Other Reports

Additional material will be required if the building is listed.  In certain cases, reports will need to be provided dealing with issues such as ecology, trees, highways or energy use.  Our Design Guide provides more information.

Submitting the Application

It usually takes a week or so for the application to be registered, then a further eight weeks for the application to be determined.  Small changes can often be made during this time in response to comments made on the application.  We have an exceptional record of achieving planning permission, based on our experience of balancing a desire to achieve our client’s goals, with what we consider will be acceptable to the Planners.


Planning Conditions

Often planning permission will be granted requiring further details to be approved  before building work can proceed.  This may for example include additional drawings of detailed elements (which we can provide) or a sample panel of walling / tiling (to be provided by the builder).



Occasionally applications need to be made to other bodies.  Two common ones on residential projects include creating a dropped kerb (made to the Highways Authority) or building over or near a sewer (made to the Water Authority).  These may need to be accompanied by additional survey information.




As your architect, we will have certain responsibilities for health and safety matters under the CDM Regulations.  As a client, you will also have responsibilities.  These vary depending on whether you are considered a domestic client or a commercial one.



Following receipt of planning approval (or in some cases for extensions, a Lawful Development Certificate) it is normal to submit a Building Regulations application. Whilst a planning application deals with such matters as the use of a building, what it looks like, and the impact that it will have on others, a Building Regulations application deals with more technical issues.  It needs to consider:

  • The structure of the building

  • Fire safety

  • How the building keeps moisture and contaminants out and how it is ventilated

  • Prevention of toxic substances

  • Acoustic performance

  • Sanitation, water, drainage and waste

  • Combustion appliances

  • Protection from falling, collision and impact

  • Conservation of fuel and power

  • Access to and use of buildings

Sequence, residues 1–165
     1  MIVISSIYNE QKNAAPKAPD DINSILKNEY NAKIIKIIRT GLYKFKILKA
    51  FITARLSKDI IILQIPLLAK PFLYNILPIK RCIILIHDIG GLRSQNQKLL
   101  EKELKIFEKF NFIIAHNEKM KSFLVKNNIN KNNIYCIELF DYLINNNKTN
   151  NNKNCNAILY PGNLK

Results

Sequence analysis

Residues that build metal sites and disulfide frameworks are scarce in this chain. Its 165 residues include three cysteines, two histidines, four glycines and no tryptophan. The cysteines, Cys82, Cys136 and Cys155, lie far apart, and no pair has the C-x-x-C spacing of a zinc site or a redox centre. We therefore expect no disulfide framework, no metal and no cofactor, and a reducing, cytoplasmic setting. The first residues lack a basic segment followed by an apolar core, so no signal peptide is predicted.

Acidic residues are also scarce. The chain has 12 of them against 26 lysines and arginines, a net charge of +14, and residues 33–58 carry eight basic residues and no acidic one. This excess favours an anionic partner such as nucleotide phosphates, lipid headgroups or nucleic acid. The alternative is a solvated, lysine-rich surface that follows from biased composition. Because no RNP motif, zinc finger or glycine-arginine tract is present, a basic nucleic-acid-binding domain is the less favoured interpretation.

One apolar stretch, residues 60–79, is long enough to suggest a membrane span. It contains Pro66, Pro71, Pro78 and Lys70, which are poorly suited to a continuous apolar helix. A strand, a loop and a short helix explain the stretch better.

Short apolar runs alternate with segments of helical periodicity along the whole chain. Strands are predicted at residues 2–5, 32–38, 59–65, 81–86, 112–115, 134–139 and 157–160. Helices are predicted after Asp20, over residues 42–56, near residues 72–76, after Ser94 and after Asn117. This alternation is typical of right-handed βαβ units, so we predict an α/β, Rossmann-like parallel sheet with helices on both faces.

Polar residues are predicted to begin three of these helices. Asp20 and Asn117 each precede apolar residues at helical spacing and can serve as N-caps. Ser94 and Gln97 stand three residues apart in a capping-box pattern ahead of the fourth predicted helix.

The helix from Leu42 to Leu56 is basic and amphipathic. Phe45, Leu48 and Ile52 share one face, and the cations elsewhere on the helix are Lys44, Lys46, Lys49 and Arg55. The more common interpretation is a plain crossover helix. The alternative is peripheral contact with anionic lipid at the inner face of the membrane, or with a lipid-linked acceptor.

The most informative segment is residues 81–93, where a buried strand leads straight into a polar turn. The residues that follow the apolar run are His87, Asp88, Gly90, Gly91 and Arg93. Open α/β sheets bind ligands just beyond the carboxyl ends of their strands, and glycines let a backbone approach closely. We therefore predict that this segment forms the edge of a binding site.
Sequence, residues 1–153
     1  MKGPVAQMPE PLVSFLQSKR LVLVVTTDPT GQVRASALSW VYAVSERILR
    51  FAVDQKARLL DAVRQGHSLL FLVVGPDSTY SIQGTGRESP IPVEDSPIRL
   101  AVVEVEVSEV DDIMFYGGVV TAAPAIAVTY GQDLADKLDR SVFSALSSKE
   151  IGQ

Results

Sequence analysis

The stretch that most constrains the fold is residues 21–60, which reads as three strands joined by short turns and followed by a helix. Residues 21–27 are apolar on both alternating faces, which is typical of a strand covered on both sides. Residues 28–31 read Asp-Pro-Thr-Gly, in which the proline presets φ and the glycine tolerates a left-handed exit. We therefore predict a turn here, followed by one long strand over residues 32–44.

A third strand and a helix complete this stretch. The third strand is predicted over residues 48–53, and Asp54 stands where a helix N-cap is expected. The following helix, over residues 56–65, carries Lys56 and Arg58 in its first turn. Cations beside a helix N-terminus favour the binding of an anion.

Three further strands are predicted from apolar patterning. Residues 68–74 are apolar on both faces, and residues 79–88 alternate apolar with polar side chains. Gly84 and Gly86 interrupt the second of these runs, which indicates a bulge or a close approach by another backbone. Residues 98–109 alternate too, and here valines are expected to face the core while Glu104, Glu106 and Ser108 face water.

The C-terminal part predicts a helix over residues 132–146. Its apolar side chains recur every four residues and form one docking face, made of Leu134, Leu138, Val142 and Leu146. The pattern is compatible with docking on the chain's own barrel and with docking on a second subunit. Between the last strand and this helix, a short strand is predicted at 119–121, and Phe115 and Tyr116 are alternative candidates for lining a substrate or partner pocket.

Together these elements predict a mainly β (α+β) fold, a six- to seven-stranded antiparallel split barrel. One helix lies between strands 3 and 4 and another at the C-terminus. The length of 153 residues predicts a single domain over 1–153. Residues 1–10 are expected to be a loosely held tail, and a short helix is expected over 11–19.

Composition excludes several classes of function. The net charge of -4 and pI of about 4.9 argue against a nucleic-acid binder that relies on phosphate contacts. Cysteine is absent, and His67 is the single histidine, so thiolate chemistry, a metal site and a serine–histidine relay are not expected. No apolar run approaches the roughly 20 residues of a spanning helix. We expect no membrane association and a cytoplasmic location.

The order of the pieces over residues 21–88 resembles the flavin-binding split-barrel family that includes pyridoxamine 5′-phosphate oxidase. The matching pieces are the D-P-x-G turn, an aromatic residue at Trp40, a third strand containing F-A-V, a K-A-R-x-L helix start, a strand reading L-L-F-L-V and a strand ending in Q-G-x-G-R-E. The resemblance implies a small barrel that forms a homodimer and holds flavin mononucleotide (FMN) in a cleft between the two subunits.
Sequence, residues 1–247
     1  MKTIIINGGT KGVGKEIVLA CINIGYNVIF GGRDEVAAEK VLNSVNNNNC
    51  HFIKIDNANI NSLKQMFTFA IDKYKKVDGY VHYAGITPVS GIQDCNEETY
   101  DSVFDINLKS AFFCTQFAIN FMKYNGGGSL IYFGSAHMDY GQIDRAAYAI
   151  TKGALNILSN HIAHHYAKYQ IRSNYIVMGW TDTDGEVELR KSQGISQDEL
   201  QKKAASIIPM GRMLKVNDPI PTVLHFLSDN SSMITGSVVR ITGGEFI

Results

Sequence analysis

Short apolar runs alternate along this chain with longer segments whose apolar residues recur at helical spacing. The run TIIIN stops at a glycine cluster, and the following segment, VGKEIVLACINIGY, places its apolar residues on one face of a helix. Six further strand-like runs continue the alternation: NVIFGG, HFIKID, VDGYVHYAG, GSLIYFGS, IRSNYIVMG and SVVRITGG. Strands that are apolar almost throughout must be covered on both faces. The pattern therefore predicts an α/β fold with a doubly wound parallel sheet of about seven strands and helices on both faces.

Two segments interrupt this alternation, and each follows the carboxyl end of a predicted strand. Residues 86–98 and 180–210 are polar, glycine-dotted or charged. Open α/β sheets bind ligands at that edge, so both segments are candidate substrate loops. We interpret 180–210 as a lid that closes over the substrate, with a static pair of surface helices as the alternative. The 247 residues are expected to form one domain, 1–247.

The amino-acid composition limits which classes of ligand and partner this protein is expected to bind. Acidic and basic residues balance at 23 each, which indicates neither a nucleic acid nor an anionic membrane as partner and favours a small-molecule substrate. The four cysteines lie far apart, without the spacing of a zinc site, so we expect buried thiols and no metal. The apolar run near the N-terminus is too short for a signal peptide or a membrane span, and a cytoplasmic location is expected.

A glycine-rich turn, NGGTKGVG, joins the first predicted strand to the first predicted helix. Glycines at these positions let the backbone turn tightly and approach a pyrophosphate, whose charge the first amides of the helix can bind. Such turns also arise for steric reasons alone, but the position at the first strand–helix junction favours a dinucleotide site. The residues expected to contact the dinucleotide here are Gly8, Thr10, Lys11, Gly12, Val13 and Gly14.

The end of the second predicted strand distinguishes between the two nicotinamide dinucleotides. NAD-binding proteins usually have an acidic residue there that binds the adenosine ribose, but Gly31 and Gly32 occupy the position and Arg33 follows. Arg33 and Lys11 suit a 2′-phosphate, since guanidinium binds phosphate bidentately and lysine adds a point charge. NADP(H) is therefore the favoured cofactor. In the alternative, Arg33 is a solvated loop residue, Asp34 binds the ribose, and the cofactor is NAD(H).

• Electrical work including communications networks

  • Security

It is possible to submit a Building Regulations application in two ways: 


Building Notice

A Building Notice may be appropriate for small house extensions (when not building over or near a sewer) and loft conversions.  Here a simple form is submitted to the local authority and the contractor liaises with them on meeting the requirements of the regulations.  No drawings would be produced by us, but a structural engineer would be required to provide calculations / drawings for certain structural elements.  This route has the potential advantage of being quick and cost efficient, but the disadvantage that you will not know ahead of time whether the proposals will be approved.  You are relying on the builder’s judgement and experience.  It will also mean that the builder will price the works based on planning drawings, with only a limited amount of detail, and as such this will introduce cost uncertainty.


Full Plans

A Full Plans application will need to be made for a new house, and is often appropriate for extensions.  Here we will produce a set of detailed plans, sections and elevations with dimensions and annotation.  We will also produce a set of typical details – for example taking sections at ground level, window and eaves. For extensions, we will undertake a U-value calculation to determine the levels of insulation required for each element of the fabric – walls, floors, roof, windows and doors.  For new houses, we will engage an energy consultant to undertake a SAP calculation. We will also acquire a radon report to determine whether additional provisions are required at ground floor level.  We will liaise with the structural engineer to ensure that the design is properly coordinated. This package will be submitted to the local authority (or alternatively an approved inspector) for their approval.  This usually takes around 5-6 weeks. The majority of our clients take this route, as it has the advantage of providing more certainty on detail and costs.